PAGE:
Letters to Lovecraft is our newest genre-blending anthology of original fiction, and to ring in the new year for our readers we’ll be posting excerpts from each of the stories. Today’s piece is “Only the Dead and the Moonstruck” by Angela Slatter, a haunting meditation on grief, loss, and darker things still that stalk us when all the world ought to be asleep…
Becky heard the clink of the beer as he tried to slide it silently out of the fridge.
“Put it back,” she said, “or I’ll tell Mama.”
Micah swore almost under his breath, but loud enough for her to hear what he thought of his little sister. The bottle made an angry sound as he replaced it; then there was the soft thud of the juice bottle and the little fermented sigh as he uncapped it that told her it was almost out of date. She knew without looking that he was drinking straight from the carton; it was the kind of thing he did nowadays. She heard him slip back onto his chair and start hacking at the fried chicken on his plate. On her lap, Riddle, the fat ginger cat, stirred and sniffed, settled again, knowing that no food escaped the boy.
She tuned out the noises of her brother’s meal and watched her mother, as she always did, through the sunflower gauze curtain. Becky wasn’t sure if Suellan knew she was there, but she thought not; the woman was too focused on the sky. The stars were bright the night Aidan, Becky’s eldest brother, had disappeared, and Suellan, by her own admission, couldn’t help herself, not even two years down the track. Not even a new town, new house, new life, could stop her from going onto the narrow porch, a glass of red in hand, after she’d served up their dinner (always late, always around nine) and taken a few bites of her own, to stare upwards, judging the quality of starlight, hoping that one night they’d shine bright enough for her boy to find his way home.
And Becky understood. She understood a lot of things: that her mother hadn’t believed the police when they’d said Aidan had run away, nor when they changed their story to abducted. That Suellan sure as hell hadn’t believed them when they’d tried to tell her that the decomposed body lying on the steel tray at the Arkham morgue was all that was left of her son after he’d finally been found in the river. After all, she’d said to Becky’s father Buck, there was really only the right forearm with enough pale, puffy skin left to show the places where it seemed something had suckled and bit with all those tiny ring-a-ring-a-roses of sharp teeth, and that could have belonged to anyone.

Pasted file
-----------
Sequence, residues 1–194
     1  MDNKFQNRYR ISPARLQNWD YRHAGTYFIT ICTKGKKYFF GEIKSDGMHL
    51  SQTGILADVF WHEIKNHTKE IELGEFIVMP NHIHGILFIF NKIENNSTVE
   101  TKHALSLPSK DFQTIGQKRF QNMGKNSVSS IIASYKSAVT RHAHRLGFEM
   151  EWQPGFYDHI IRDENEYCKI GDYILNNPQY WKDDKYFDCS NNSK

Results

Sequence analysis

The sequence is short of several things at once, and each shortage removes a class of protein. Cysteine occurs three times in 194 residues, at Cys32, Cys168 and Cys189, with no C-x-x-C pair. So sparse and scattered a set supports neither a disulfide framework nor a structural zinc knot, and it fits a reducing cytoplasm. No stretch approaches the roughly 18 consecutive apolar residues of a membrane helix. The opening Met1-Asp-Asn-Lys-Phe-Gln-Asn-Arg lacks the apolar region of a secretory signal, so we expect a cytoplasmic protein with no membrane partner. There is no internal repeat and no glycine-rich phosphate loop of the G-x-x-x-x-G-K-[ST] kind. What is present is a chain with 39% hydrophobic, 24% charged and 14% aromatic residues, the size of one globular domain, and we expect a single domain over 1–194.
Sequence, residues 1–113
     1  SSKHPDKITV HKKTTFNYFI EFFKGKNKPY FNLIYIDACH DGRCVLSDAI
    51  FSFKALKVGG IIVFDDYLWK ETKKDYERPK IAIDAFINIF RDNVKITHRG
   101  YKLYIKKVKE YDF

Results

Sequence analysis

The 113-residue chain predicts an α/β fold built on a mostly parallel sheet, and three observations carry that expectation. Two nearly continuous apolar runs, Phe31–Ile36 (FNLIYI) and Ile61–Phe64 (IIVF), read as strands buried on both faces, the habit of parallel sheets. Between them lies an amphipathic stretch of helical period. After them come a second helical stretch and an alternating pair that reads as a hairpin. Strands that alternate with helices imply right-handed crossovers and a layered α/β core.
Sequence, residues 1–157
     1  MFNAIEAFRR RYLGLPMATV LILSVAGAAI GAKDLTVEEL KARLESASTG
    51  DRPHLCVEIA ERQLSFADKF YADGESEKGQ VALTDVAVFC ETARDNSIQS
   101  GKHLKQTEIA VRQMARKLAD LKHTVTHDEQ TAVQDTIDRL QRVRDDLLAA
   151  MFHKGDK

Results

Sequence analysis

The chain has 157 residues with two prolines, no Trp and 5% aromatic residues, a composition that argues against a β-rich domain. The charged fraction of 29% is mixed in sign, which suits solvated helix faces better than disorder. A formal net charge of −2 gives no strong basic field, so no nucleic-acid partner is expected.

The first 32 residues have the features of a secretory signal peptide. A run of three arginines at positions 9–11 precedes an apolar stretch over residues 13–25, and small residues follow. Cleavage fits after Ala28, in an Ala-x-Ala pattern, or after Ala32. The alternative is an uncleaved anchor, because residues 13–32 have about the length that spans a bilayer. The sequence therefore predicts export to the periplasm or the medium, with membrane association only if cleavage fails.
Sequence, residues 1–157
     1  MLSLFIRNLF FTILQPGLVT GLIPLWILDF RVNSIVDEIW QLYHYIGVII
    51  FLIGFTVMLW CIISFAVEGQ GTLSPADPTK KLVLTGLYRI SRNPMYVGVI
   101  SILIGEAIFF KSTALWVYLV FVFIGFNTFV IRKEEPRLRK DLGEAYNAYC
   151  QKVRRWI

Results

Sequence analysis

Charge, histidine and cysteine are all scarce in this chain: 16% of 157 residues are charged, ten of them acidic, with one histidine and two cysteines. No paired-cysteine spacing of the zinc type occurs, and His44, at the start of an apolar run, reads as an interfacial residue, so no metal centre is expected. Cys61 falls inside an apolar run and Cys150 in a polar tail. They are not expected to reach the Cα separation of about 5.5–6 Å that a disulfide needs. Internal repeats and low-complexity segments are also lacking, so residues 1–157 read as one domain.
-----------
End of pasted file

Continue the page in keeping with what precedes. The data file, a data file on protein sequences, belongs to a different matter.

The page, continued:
It didn’t matter that the ragged clothes wrapped around the rotted form were identical to Aidan’s. Didn’t matter what they told her about DNA. Didn’t matter when they said Aidan wasn’t the first Essex County boy to whom this had happened. Didn’t matter that she’d eventually given in to Buck’s pleas that they move, start again. Becky remembered her father asking Didn’t the other kids deserve a future that wasn’t overshadowed by their brother’s passing? but she couldn’t recall her mother answering.
Didn’t matter, Suellan told Becky and Micah more than once, coz one day their big brother was coming back, and he’d know where to find them because of the starlight, because it would lead him home. To her…
For the rest, get Letters to Lovecraft from Stone Skin Press.
Angela Slatter writes dark fantasy and horror. She is the author of the Aurealis Award–winning The Girl with No Hands and Other Tales, the WFA-shortlisted Sourdough and Other Stories and the new collection / mosaic novel (with Lisa L. Hannett) Midnight and Moonshine. Her work has appeared in such writerly venues as The Mammoth Book of New Horror 22, Australian and US Best Of anthologies, Fantasy Magazine, Lady Churchill’s Rosebud Wristlet, Dreaming Again and Steampunk II: Steampunk Reloaded. She was awarded one of the inaugural Queensland Writers Fellowships in 2013. She has a British Fantasy Award for “The Coffin-Maker’s Daughter” (from A Book of Horrors, Stephen Jones, ed.), a PhD in creative writing, and blogs at www.angelaslatter.com.
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